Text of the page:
On Tuesday, the first part of our Runner’s Knee series explained what runner’s knee actually is.
Like many running injuries though, it’s hard to know if that’s what you’ve got. It’s important to see your doctor to rule out something more serious.
Here is some information about how to tell if your knee pain is caused by runner’s knee.
(Runner’s Knee Part 2) How do I know if I’ve got Runner’s Knee?
Well, for starters, you don’t have to be a runner. Athletes in all sports could develop runner’s knee.
Generally, if you have pain in or around the kneecap, you could have runner’s knee. Whether it’s in just one knee or both, the pain can vary from person to person from a dull ache to a sharp or burning pain. The pain may intensify on inclines or declines; usually downhills are more painful for runners with runner’s knee. In some cases, the knee may pop or “give out,” often without warning.
You may also notice symptoms when you’re not running. Pain in the knee when you are kneeling, squatting or sitting for long periods of time could be runner’s knee as well. Dr. Anita Rao of Kaiser Permanente says, “If your knee hurts after a long car ride or sitting in a movie theatre that may be a symptom of runner’s knee.”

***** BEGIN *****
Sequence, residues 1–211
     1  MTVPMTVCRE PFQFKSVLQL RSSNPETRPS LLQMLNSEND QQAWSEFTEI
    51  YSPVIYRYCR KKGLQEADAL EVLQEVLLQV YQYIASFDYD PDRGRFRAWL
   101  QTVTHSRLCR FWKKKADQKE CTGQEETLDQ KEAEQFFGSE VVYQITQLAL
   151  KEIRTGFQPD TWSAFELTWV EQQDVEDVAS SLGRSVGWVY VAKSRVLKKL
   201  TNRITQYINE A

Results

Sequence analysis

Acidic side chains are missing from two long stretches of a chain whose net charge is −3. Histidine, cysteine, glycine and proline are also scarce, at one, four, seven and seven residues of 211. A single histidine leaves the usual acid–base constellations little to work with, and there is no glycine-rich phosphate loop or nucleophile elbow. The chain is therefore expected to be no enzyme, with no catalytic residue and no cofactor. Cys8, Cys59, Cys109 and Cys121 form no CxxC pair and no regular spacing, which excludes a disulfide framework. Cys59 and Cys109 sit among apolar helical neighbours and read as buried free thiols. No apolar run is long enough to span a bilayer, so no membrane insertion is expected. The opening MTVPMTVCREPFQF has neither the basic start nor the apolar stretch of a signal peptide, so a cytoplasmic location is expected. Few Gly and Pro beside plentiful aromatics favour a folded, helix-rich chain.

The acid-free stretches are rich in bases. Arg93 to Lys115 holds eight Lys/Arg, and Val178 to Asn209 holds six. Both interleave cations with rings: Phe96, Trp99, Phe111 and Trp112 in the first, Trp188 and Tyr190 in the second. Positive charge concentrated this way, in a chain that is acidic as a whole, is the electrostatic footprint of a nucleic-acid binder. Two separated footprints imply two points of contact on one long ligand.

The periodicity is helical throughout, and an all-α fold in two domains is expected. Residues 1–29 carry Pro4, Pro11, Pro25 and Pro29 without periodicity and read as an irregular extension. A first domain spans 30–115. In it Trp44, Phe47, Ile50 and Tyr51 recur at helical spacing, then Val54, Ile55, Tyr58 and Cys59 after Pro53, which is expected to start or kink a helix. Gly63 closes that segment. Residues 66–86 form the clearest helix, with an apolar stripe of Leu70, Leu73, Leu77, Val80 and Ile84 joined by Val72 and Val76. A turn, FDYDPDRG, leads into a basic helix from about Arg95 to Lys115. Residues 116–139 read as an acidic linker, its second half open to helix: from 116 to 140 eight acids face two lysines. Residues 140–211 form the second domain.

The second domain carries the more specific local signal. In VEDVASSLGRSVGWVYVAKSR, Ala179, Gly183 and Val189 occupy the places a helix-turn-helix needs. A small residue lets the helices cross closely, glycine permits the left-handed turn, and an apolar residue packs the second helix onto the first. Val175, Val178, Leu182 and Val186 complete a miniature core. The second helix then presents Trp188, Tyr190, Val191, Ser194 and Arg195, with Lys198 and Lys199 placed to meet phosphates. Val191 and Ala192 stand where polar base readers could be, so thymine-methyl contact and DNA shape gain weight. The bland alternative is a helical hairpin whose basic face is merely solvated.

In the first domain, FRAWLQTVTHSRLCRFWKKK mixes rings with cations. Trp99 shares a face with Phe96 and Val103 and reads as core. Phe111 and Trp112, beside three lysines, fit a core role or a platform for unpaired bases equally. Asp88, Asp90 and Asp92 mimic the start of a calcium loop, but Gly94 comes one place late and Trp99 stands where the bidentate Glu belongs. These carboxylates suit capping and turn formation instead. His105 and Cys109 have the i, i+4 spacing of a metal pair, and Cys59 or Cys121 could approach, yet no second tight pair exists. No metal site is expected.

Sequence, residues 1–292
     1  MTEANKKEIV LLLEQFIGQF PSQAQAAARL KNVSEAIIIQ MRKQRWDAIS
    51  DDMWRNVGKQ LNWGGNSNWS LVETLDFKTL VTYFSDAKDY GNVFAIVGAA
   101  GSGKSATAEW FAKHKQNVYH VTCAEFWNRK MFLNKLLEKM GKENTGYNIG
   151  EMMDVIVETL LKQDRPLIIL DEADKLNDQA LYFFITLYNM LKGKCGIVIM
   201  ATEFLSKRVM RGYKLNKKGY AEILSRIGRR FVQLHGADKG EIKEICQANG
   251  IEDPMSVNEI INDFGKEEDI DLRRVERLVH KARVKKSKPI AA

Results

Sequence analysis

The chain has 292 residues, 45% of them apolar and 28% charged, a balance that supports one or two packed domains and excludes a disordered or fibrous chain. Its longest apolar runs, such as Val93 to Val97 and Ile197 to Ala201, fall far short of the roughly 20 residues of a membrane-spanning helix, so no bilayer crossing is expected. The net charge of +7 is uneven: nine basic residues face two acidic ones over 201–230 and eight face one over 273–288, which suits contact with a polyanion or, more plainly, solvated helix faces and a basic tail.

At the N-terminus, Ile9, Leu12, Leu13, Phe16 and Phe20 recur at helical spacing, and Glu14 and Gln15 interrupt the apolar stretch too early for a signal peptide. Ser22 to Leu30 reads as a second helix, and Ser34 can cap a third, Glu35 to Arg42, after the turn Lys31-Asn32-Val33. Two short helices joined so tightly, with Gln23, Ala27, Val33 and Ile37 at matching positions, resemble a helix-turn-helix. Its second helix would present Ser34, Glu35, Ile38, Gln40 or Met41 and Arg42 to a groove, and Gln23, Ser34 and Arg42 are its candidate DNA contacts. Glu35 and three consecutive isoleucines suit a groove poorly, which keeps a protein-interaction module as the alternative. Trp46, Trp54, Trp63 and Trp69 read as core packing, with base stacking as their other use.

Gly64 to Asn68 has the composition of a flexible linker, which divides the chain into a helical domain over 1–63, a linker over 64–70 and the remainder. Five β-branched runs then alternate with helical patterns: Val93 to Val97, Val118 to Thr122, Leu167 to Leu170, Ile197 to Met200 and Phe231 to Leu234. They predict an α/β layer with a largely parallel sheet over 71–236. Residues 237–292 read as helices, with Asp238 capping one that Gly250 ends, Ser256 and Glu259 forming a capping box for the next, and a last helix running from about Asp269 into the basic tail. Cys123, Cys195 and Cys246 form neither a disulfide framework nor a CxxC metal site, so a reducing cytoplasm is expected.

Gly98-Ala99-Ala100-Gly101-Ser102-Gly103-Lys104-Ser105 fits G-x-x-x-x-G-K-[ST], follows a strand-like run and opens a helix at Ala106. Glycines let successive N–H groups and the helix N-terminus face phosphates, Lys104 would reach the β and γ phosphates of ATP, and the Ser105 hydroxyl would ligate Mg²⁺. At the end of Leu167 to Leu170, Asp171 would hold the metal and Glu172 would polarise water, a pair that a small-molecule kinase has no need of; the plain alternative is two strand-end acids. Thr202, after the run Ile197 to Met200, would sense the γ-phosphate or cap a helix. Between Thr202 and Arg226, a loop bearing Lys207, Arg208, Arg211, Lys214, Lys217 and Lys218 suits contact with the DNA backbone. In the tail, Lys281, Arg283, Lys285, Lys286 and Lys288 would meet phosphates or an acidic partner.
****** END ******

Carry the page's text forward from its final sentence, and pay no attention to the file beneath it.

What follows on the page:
If these symptoms sound familiar, you should visit your doctor. Whether it’s due to improper shoes, a compensation injury, or an overuse injury, it’s likely that your doctor will be able to diagnose this injury through learning your medical history and a simple physical examination. Sometimes, a doctor will use an x-ray to rule out other possible diagnoses or to find out if there is improper alignment of the kneecap or damaged cartilage.
A physical therapist may see you after your primary doctor. They’ll ask you all sorts of questions: how long you’ve had symptoms, where the pain is, your physical activities (if running is new to them or they are training for a race), if you stretch, what type of shoes you wear, what surfaces you train on, what positions or movements make you pain worse and what doesn’t bother you, what treatments you have already tried, what your occupation is (in case it could be contributing), their pain rating, and to look at the wear pattern of your running shoes.
Sometimes, the only way to officially diagnose runner’s knee is to see if therapy has an impact on your pain levels. So it’s very important that you’re honest with your therapist about your adherence to the stretching and strengthening plan they’ve provided.
Tomorrow, we’ll look at some of the treatments for runner’s knee.
Part 1: What is Runner’s Knee
Part 3: How is Runner’s Knee treated?
Part 4: How can I prevent getting Runner’s Knee?
Part 5: Can you “cure” Runner’s Knee?